by Peggy Spencer, M.D.
“Get the med student to do it.”
The harried intern tossed this instruction to a nurse as he ran into another delivery room. She glanced my way, saw that I’d heard, and beckoned me to follow.
It was my clinical OB rotation at County General, a huge place overwhelmed with over 300 deliveries a month, not enough staff, and no time to teach a med student. The residents were always in the OR with Csections or Gyn surgeries, leaving Labor and Delivery to be run by interns. I had learned on the fly; how to “catch babies”, sew episiotomies, start IV’s, check “Mag” levels, and perform the various and sundry other scut jobs assigned to the “scut dogs” like me. All day I hustled between blood draws and monitor checks, urging laboring women to “push!” and sharing their happy tears when a squirming new life emerged. Every night I fell into bed in a trailer in the hospital parking lot, only to rise 4 or 5 hours later and start all over again, crazily, giddily happy.
Trailing the nurse down the busy hallway, I passed a woman in jail blues with cuffs on her feet and a scowl on her face, waiting her turn for evaluation. The frail and wondrous sound of a newborn’s cry wafted out of a delivery room next door. Down the hall, a woman labored loudly, coached thanklessly by a clumsy female friend. Families wandered the halls, staff came and went. The busy, cheerful bustle was familiar to me by now.
The nurse paused outside #7, the door of which was uncharacteristically closed. Turning to me, she gave me a once-over, and then said without emotion, “It’s a stillborn. Ever do one?”
Stillborn. The word sank into me and settled, lodging somewhere behind my sternum.
“No, never,” I managed. My face stayed impassive, an expression I had practiced until it was internalized. Stay calm. Do not react. Show no shock when a 15- year-old tells you it’s her second child. Show no amusement when a patient mispronounces a medical term. Show no horror when a child comes to the ER bloody and broken by her father. Show no hesitation when asked by a superior to do something. Be the steady, the rational, the nonjudgmental, ever-reliable doctor.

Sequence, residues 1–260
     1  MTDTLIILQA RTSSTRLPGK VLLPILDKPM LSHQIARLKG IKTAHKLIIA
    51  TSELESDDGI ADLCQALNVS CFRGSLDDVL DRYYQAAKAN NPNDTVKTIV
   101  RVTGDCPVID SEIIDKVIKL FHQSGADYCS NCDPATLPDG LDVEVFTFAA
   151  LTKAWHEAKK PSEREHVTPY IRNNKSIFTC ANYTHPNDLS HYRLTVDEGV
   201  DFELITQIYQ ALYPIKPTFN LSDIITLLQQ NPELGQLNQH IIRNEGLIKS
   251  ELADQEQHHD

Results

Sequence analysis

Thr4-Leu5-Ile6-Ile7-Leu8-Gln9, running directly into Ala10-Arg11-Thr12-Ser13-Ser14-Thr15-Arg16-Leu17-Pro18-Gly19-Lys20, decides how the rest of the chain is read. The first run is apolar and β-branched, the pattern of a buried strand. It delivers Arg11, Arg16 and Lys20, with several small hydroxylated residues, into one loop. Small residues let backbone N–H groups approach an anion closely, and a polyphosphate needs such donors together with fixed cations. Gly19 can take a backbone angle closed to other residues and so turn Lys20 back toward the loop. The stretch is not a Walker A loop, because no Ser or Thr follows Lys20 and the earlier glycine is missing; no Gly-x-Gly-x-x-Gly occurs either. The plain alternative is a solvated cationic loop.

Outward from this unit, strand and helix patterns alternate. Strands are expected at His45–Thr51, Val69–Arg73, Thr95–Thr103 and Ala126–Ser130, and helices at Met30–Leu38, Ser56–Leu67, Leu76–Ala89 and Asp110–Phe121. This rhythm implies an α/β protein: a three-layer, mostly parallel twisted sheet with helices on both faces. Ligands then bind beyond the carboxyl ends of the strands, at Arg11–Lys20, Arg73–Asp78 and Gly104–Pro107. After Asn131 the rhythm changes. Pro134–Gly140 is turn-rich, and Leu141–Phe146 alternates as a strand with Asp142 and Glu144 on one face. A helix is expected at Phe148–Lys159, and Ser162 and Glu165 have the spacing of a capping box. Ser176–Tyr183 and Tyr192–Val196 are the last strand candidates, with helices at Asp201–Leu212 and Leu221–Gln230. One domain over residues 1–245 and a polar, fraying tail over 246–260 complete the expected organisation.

“Hmm.” She looked at me a moment longer, then seemed to come to a decision. “It’s just like a regular delivery. Give the baby to me.”
Just like a regular ----? But how — but who — but what do I — but — it was too late. The door was open and we were inside.
The heavy door swished closed on dimness and muffled silence. In the bed, the only sign of life was the movement of breath. A woman’s chest, gently heaving. A mother’s breast. A mother’s breath. Her child, breathless and still inside her. Her family, tableaued around her in awkward support. Dull faces turned slowly toward me, incomprehension mixed with pain in their eyes. The nurse moved softly, preparing the scene. Sorrow clung like a mist to everything and everyone.
Suddenly, I felt like a marauder. These people had never seen me before in their lives. Here they were, gathered in grief at one of life’s most searing moments, and who is there to “help” them through it? An inexperienced student with an unknown face and unfamiliar hands. I had no business there. They deserved better. She deserved better. Death was laughing in this young mother’s face. She needed a dear and familiar healer to ease this pain, a seasoned guide to smooth this rough passage.
But this was County, and I was all they had.
Inhaling deeply, I lifted my head and stepped forward.